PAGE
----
# Limits

#1

Hello Everyone,

Our team needs to be able to rotate an axis a certain amount. However, we do not have an encoder (and can’t find one matching the specific motor online), don’t have room for a physical limit switch, and don’t want to rely on just a “time” of rotation as this varies depending on the charge of the battery… Any ideas or thoughts on alternatives would be greatly appreciated!

Thanks!

#2

Is it possible to do a hard stop, or does the axis need to go varying distances?

#3

It has to go different distances…

#4

I know you said you didn’t have room to mount a limit switch but a very compact way of implementing a limit switch is incorporating some sort of cam on the shaft to depress it at a specific rotation point or multiple points. I’m not sure of any COTS parts that would allow this but it shouldn’t be that hard to fabricate.

#5

Is there a relationship between Voltage of the battery and Angular Velocity, where we could calculate the time needed to rotate based off of the voltage of the battery? if so, how would we go about calculating this?

#6

In a vacuum, there would probably be some sort of loose correlation between battery voltage and speed of the axis. You would lose that correlation the moment you put other mechanisms on your robot, though, since they will also draw power from the battery.

Realistically, you need to find some way to measure that position with a sensor whose sole purpose is to find the angle of this axis. A few ways that I can think of are:

• Point a distance sensor at something mounted to the axis. This doesn’t work very well if the item is really small, or if you need more than 180 degrees of rotation (even 180 degrees would be hard to make accurate, though).

• Couple a potentiometer to the shaft. In my opinion, encoders are easier to deal with than pots, but if a pot works where an encoder doesn’t, it might be worth it. If you have access to a 3D printer, you could probably make some pulleys that could be attached with o-rings or some similar setup. In some situations, this might be more versatile than an encoder.

• Just find a way to mount an encoder. You mentioned that you couldn’t find an encoder for the motor you were using. What motor is that? Most encoders aren’t specific to just one motor, and can be attached to any shaft of the right size. If there is a shaft somewhere on this mechanism that ends near a possible mounting location for an encoder (meaning any pretty much flat surface over 1-2 inches in diameter), you can throw an E4T or CTRE Magnetic Encoder or any other general purpose encoder on there to measure this more precisely.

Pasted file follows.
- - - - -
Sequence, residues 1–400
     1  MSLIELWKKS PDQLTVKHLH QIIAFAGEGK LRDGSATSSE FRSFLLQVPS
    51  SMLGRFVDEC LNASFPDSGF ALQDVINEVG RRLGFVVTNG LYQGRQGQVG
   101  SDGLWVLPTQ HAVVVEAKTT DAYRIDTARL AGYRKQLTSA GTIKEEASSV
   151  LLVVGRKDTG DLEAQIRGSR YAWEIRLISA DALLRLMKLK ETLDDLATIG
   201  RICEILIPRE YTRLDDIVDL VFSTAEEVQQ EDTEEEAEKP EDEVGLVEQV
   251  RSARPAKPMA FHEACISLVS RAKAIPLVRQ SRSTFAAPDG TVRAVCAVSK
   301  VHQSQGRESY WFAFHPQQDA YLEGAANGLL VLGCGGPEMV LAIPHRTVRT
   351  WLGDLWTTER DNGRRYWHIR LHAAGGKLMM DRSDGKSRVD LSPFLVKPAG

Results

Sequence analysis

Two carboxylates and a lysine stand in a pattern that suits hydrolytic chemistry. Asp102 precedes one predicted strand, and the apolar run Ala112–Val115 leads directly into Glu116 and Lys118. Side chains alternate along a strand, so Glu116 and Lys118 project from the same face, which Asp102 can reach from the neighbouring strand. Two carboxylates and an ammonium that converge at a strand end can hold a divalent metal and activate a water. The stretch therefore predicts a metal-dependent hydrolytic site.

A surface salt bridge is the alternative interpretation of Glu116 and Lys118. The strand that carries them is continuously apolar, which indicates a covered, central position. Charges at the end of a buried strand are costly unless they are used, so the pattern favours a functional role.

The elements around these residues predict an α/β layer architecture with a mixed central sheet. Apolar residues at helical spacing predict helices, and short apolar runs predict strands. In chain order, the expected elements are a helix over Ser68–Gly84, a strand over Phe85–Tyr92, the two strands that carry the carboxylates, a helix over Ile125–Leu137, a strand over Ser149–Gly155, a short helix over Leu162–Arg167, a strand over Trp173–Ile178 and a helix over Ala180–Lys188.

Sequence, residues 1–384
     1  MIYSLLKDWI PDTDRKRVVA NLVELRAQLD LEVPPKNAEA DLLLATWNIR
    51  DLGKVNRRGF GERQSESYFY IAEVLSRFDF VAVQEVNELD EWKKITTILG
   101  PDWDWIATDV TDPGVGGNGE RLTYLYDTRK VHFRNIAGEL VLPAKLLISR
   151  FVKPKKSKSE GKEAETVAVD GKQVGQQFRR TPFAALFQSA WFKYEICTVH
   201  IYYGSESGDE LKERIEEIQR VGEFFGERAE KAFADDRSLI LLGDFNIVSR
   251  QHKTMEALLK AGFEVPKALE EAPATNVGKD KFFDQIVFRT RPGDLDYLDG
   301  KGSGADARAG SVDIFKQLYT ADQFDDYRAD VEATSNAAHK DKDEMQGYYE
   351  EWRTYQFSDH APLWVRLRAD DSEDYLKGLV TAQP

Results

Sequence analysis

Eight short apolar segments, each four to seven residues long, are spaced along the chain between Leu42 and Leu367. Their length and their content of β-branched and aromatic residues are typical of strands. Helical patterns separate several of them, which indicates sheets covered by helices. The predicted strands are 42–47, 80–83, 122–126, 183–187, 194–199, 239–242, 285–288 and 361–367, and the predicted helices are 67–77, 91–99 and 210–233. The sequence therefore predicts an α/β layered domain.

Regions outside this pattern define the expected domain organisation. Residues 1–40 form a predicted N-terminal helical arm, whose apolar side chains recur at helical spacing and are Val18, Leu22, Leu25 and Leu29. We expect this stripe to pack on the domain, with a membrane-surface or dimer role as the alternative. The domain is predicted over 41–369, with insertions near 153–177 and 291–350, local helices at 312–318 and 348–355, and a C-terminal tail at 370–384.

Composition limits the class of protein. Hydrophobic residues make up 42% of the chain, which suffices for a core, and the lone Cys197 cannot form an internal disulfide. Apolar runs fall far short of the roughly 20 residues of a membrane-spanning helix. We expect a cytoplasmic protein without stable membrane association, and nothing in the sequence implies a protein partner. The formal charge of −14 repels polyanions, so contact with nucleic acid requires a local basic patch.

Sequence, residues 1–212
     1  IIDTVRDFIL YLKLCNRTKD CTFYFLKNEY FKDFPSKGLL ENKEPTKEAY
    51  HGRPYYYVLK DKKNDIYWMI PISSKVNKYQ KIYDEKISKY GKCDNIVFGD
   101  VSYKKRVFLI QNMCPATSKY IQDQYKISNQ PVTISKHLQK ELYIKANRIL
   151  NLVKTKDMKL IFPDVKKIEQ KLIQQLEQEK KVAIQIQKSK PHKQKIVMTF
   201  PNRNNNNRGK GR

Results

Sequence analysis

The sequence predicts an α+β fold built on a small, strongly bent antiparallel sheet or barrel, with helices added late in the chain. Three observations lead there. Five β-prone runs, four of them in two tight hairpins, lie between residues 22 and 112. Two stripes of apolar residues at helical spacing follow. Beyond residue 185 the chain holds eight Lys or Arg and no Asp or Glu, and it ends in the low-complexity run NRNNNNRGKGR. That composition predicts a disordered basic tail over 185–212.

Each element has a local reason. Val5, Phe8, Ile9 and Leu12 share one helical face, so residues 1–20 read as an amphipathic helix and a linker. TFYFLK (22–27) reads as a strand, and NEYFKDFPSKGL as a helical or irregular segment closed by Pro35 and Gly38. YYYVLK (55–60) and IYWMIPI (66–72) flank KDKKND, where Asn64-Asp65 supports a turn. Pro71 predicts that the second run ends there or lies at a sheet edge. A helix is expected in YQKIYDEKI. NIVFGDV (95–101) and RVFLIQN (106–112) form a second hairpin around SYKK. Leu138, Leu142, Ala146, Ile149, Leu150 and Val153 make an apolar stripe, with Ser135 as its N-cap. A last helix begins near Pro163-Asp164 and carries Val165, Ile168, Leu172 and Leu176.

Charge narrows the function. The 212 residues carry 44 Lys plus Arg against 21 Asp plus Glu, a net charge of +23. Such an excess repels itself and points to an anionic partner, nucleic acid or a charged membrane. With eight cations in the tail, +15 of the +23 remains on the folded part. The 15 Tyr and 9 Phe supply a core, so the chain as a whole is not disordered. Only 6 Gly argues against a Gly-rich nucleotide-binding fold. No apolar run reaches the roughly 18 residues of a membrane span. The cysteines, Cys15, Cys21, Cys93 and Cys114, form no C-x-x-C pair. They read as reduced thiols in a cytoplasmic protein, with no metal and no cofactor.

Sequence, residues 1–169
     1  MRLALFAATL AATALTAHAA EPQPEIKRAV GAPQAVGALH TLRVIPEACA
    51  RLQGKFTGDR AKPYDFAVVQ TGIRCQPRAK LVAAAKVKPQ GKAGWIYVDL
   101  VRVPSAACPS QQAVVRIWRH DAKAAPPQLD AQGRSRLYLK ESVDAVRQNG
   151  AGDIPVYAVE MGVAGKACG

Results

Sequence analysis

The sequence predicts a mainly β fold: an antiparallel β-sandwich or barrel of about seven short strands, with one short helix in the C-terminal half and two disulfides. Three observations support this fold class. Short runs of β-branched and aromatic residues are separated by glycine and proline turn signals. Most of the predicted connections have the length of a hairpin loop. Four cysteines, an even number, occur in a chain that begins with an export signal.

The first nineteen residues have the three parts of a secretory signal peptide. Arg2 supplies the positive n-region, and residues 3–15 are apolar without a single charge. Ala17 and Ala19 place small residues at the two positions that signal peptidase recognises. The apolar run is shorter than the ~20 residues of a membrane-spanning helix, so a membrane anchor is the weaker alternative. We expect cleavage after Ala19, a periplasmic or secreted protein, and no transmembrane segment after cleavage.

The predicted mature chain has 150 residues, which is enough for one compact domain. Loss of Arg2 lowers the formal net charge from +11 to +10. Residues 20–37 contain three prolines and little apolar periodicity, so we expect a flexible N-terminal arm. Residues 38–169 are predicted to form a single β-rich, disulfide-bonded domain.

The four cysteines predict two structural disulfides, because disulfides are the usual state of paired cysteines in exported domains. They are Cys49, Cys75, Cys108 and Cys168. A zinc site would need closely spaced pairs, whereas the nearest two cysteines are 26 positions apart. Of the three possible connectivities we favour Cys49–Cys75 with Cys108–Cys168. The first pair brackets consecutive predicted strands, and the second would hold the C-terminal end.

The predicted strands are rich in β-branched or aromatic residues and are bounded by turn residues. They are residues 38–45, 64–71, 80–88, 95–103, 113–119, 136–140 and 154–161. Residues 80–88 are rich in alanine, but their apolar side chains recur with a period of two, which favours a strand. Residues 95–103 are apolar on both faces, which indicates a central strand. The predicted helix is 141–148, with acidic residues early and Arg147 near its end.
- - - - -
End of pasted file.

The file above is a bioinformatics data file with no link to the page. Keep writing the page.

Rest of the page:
• OR just slap a camera off to the side of the mechanism and use vision processing! That way, the programmers get to deal with it! /s

As far as limit switches go, beam break sensors or distance sensors can often be mounted in ways that a physical limit switch cannot.

#7

Thanks For all your suggestions! I will look into your ideas… Thanks!

#8

This. Depending how you’re rotating it, the encoder might not even need to be on any of your shafts that you have now. You could put it on an auxiliary idler shaft that is only contacting chain on a chain run, not transmitting any torque, and it’d probably work. I’ve seen intermediate shafts used successfully.

#9

You will probably get much more useful and directly applicable suggestions if you post a bunch photos showing the overall, general arrangement of your robot, the area around your arm pivot, the gearboxes you are using, the areas around the ends of the travel of your arm etc. No one is going to steal ideas from you. You are doing what a lot of teams have been doing for many years.

#10

As @philso said, when looking to add an encoder or potentiometer to the drivetrain, it helps to know the setup. If you are using a COTS gearbox to interface the motor to the arm, you should look into encoders designed to interface to that gearbox.